still has close to 1 million high-tech employees, and that number has held
steady through the worst of the recession, but prospects for all those workers have
been limited over the past few years. Looking for positive spin, Gov. Arnold Schwarzenegger said in April,
"News that California
is the nation’s leader in high-tech jobs and wages comes as no surprise because
our state’s tech-friendly policies and world class workforce create an environment
ripe for high-tech success."
The story in San
Diego mirrors that of the rest of the state. The
latest unemployment figures from California’s
Employment Development Department
show that local unemployment is at 10.5 percent, actually lower than the state
average but higher than the current national average. The two largest tech
sectors in San Diego
remain R&D and testing labs and telecommunications services. According to
the newest Dice salary survey, the average San Diego IT job is paying $81,819,
basically holding steady from 2008 through 2009. It lags the average for the
entire Pacific region (Silicon Valley salaries are higher), but beats the
national average by $3,000, a good thing given California’s relatively high cost of living.
The current tech hiring outlook is mixed at best. IT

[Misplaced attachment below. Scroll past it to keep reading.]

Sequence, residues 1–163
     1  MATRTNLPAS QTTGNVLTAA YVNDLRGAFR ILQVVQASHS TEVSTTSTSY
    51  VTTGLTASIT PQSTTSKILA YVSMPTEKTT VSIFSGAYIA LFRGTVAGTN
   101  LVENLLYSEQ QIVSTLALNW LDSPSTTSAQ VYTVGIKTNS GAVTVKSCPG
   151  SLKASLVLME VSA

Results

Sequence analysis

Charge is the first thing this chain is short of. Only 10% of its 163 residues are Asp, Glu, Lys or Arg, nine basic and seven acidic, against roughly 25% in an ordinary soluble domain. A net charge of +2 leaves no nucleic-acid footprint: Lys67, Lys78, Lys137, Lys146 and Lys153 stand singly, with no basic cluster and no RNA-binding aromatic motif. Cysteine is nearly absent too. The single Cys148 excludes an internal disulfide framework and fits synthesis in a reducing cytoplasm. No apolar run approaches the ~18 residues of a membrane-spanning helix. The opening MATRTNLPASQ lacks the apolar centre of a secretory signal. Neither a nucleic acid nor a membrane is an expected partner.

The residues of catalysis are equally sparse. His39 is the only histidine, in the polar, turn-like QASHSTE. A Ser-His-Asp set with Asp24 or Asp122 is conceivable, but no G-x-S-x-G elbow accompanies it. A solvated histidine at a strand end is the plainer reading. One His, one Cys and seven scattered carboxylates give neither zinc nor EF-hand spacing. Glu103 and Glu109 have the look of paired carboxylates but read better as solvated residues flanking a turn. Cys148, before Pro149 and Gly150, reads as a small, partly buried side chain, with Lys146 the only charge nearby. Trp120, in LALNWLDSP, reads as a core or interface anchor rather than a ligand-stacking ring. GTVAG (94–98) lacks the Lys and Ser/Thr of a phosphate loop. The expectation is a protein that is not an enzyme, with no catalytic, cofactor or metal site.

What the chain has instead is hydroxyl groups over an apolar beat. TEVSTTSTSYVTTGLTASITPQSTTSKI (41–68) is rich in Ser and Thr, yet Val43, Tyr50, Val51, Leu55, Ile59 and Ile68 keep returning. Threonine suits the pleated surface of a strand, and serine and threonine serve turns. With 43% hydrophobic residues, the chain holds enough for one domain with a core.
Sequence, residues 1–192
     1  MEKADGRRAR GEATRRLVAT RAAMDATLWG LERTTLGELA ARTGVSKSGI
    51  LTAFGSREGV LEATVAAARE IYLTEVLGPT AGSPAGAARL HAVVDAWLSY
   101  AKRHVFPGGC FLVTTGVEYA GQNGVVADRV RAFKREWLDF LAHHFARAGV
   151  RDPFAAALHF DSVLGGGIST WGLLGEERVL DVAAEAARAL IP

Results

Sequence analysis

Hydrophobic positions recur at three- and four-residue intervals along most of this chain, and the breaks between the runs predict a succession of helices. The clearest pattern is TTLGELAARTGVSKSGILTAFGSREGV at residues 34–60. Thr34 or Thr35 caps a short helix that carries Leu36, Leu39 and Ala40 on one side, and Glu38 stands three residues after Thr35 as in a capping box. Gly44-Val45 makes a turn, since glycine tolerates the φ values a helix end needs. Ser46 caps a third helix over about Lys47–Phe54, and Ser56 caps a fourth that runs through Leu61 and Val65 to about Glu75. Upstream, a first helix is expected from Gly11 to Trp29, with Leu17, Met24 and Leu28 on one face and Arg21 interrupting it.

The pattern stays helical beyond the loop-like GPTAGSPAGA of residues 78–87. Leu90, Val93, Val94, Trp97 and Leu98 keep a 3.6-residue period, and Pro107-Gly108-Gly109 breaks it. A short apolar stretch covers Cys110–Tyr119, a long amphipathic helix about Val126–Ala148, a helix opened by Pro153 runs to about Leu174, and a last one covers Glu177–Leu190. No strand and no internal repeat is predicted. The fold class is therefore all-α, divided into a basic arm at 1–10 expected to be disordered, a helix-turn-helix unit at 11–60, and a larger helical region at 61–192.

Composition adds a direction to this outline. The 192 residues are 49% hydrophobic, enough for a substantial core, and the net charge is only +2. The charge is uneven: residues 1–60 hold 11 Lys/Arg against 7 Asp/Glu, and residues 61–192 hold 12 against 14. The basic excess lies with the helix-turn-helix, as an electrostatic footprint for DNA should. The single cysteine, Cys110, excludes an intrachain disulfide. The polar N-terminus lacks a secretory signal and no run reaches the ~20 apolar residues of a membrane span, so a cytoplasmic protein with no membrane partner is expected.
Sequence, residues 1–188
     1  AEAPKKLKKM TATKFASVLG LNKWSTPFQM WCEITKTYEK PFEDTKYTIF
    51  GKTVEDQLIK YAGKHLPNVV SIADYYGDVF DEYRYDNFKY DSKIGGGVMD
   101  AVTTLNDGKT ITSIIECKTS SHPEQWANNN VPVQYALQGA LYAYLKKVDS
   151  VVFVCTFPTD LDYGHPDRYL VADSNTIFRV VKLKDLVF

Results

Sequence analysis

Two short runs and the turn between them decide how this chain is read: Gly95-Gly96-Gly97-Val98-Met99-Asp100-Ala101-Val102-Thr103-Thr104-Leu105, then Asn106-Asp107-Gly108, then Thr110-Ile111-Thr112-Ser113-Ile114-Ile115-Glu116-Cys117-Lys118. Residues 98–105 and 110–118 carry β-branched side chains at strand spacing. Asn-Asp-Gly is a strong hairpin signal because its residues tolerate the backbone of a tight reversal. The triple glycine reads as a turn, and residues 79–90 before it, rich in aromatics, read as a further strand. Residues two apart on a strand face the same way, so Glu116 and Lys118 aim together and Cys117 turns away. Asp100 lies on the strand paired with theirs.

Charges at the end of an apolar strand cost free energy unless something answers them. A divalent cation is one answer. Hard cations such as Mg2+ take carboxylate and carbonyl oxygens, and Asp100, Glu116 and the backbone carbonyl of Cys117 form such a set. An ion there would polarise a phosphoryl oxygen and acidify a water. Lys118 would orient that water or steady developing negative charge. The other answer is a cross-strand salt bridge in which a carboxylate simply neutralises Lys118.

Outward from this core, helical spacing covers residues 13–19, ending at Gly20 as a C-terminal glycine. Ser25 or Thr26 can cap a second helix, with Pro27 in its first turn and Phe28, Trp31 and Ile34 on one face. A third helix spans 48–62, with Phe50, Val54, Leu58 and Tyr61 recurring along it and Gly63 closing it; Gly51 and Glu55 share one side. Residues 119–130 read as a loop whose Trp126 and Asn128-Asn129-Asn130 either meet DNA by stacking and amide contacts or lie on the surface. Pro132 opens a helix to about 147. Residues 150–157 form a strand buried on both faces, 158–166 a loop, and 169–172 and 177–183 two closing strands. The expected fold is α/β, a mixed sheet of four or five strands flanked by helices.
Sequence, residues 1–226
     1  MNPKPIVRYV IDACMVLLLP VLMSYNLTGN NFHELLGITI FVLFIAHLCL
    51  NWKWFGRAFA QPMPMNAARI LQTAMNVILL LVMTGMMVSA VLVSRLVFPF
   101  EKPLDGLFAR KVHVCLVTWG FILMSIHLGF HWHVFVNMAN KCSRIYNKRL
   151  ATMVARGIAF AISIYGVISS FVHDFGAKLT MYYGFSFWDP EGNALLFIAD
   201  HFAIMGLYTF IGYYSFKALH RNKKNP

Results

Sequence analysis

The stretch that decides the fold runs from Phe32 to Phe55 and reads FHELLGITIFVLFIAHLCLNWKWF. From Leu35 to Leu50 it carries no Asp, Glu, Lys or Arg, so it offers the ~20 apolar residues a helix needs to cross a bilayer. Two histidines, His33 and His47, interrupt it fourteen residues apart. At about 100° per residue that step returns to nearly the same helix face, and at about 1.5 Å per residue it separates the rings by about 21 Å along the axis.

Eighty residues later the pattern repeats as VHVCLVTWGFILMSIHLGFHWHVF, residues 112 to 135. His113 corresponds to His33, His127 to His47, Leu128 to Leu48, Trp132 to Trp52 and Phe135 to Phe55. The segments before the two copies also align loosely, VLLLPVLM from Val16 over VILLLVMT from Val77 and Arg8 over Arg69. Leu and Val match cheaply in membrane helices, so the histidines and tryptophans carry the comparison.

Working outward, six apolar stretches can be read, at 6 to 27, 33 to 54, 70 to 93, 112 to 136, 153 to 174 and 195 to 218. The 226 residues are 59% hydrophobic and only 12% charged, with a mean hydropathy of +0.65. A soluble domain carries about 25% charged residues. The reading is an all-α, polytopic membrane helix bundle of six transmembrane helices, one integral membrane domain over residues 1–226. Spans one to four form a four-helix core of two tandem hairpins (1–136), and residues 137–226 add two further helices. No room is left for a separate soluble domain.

staffing consultancy Robert Half
Technology, whose third-quarter IT Hiring Index was just released, finds
that for the Pacific region, 9 percent of companies plan to hire, equal to the
national average though it isn’t particularly encouraging.
Other signs are better. As of mid-July, Dice had 1,026
listings available, down from June but up a whopping 40 percent from a year ago
– perhaps the single most encouraging stat indicating some kind of local tech
vice president of business development and director of the technology division
of San Diego-based recruiting firm TriStaff
Group, is generally optimistic about the state of San Diego hiring, especially in contrast to
2009. "It’s been picking up and is quite active now," Masterson says.
"2009 was slow, but this year has been busy, especially for our
Web-related and new-media clients."
While firms are doing some recruiting for contract
positions, the majority of hiring activity is for full-time slots, according to
Masterson. "The focus is on permanent positions. Firms want to find people
who are going to stick around if they spend the recruiting money to find them
in the first place."
The skills most in demand? "Web development of all
kinds," says Masterson. "Everything from Java to PHP and LAMP."
Another hot area: wireless in all its many shapes and forms.
Masterson advises job hunters to consider not only San
Diego’s largest tech firms, such as local tech leader Qualcomm, but also the smaller and dynamic Net-centric or start-up
firms that are beginning to prosper again as venture capital activity perks up.
VC money isn’t flowing at anything like it was in the good old days of 2007,
but according to stats from the MoneyTree
Report prepared by PricewaterhouseCoopers
and the National Venture Capital
Association, VCs invested $222 million in the first quarter, up an
encouraging 242 percent from Q1 2009.
Given that the City
of San Diego itself is hatching a plan to
outsource its own IT, it’s hard to be completely optimistic about San Diego’s fortunes in
the near future. But if the studies that identify San Diego as one of the top 10 cities in the
country for employment growth through 2025 are correct, perhaps it’s the right
place to be to lay career plans for tomorrow.
— Don Willmott